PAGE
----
Esther pulls this dangerous maneuver off, and gains thereby a private audience with just the king and Haman. There, she springs her trap — revealing her Jewish identity.

The king again said to Esther, “What is your petition, Queen Esther? It shall be granted you. And what is your request? Even to the half of my kingdom, it shall be fulfilled.”

Then Queen Esther answered, “If I have found favor in your sight, O king, and if it please the king, let my life be given me at my petition, and my people at my request. For we are sold, I and my people, to be destroyed, to be slain, and to be annihilated. If we had been sold merely as slaves, men and women, I would have held my peace; for our affliction is not to be compared with the loss to the king.”

Then King Ahasverus said to Queen Esther, “Who is he, and where is he, that would presume to do this?”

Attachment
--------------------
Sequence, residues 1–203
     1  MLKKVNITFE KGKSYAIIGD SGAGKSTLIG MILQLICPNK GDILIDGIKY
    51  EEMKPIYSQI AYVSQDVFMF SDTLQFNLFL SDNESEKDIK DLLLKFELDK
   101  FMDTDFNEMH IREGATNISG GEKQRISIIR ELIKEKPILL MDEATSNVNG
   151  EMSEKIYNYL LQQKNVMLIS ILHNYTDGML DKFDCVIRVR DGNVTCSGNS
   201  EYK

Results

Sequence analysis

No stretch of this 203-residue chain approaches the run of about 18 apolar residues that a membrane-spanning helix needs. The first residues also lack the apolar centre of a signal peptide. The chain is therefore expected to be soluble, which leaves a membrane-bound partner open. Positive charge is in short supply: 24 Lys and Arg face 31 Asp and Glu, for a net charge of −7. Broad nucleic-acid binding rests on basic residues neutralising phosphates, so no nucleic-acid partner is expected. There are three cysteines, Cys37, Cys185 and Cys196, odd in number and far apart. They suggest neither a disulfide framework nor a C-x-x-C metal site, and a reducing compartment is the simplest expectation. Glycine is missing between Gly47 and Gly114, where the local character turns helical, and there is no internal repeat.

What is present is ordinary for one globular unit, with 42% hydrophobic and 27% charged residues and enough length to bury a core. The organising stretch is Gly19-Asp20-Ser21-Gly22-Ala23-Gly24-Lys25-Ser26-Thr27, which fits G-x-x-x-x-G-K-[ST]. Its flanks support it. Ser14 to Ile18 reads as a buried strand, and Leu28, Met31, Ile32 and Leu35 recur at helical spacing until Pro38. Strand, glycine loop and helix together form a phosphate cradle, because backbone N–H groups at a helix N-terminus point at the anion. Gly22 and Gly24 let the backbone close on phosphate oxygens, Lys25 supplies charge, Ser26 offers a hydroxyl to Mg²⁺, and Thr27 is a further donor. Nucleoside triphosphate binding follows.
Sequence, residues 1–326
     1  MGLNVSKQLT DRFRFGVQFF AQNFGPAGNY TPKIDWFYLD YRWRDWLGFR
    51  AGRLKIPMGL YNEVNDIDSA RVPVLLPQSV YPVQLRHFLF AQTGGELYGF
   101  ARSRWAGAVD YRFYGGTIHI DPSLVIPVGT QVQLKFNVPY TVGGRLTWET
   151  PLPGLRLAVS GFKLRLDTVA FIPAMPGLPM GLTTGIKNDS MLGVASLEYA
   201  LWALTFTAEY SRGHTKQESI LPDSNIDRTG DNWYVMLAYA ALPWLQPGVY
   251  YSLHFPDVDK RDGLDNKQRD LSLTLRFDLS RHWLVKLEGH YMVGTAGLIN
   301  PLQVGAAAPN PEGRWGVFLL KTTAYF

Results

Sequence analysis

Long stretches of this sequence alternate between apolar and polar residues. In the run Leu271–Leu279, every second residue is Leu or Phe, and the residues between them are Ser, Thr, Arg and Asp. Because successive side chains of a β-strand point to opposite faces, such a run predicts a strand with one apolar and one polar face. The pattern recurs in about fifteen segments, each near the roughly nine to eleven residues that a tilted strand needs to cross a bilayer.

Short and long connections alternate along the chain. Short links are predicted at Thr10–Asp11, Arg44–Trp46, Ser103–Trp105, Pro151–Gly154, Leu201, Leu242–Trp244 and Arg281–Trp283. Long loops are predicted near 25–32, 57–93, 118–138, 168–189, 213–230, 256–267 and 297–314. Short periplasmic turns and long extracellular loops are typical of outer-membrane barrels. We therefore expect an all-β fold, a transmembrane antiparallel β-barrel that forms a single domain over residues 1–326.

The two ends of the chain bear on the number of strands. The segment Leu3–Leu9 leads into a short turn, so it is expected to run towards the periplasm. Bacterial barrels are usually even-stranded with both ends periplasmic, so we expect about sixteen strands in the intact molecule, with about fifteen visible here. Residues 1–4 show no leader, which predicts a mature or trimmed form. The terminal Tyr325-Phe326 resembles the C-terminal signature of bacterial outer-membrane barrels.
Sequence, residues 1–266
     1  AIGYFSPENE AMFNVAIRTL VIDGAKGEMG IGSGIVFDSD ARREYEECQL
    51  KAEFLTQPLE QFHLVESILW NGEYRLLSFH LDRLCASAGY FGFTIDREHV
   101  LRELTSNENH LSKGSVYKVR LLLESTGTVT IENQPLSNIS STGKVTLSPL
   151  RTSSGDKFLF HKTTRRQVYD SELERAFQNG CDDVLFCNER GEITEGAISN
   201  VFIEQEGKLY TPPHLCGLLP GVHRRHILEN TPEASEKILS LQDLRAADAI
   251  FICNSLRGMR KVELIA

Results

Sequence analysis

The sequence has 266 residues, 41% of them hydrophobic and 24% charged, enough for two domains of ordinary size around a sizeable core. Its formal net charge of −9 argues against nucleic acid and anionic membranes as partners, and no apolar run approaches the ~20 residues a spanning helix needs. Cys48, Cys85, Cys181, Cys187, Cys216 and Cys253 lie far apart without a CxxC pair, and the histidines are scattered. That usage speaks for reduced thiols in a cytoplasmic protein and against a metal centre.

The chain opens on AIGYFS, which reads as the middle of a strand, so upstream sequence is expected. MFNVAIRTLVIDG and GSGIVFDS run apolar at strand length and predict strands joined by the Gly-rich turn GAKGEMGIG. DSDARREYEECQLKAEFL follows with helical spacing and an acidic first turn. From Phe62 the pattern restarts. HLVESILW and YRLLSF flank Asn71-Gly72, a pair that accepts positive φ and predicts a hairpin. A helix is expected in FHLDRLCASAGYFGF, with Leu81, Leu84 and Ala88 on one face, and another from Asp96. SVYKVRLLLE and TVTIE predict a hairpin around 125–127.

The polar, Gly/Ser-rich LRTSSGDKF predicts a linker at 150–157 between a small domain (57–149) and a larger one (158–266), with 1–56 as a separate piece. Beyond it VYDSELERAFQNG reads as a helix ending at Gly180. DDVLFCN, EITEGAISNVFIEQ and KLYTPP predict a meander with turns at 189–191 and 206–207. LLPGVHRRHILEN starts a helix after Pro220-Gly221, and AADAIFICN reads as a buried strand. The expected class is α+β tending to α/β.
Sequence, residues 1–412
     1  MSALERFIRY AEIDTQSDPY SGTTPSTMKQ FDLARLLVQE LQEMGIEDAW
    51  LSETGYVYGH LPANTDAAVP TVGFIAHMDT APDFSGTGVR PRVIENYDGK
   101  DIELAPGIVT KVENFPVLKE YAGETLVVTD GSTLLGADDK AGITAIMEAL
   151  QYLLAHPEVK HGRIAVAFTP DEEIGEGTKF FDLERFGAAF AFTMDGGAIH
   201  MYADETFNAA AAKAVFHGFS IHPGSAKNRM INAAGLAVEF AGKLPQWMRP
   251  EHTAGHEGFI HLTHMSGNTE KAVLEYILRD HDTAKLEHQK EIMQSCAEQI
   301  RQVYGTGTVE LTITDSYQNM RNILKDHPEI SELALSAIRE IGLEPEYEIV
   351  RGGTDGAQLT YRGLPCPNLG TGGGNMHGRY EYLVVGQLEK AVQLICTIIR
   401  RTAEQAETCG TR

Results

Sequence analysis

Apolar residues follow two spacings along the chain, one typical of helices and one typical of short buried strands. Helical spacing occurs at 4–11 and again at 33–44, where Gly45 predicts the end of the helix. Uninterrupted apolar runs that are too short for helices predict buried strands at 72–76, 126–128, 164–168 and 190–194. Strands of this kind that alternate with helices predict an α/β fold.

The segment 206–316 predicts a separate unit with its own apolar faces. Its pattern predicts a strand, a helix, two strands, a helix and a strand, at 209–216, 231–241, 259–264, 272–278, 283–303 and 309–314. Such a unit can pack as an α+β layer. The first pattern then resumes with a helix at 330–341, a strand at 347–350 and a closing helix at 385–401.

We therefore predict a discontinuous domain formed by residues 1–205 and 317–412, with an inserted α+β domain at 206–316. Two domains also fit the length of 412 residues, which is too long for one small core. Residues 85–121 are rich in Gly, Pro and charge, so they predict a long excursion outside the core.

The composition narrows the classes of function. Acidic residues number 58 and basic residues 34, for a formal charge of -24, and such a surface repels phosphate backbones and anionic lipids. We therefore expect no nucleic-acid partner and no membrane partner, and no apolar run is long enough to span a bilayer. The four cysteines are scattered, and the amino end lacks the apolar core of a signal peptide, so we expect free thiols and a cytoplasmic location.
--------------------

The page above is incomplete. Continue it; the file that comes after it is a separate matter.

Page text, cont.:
And Esther said, “A foe and enemy! This wicked Haman!” Then Haman was in terror before the king and the queen.

Word arrives at this inopportune juncture that Haman, who has been gleefully preparing his vengeance, has just had completed a 50-cubit (~20-meter) gallows to execute Mordecai upon. The enraged king instead orders Haman hung on it.

“Hanging” Haman on the “gallows” was traditionally interpreted in the ancient and medieval world as crucifixion,* or some analogously excrutiating way to die.

By any method of execution, though, the dramatic power of the scene — sudden reversal of fortune, virtue elevated over wickedness, the oppressed turning the tables on their oppressors, divine deliverance — is obvious.

Haman and his gallows have consequently stood as a potent literary device ever since: for perfidious council; for violent anti-Semitism; for unusually spectacular punishment (to be hung “as high as Haman”); for the concept of getting one’s comeuppance or being hoisted by one’s own petard.

At least the guy was remembered. Hands up if you can name any other ancient Persian courtier.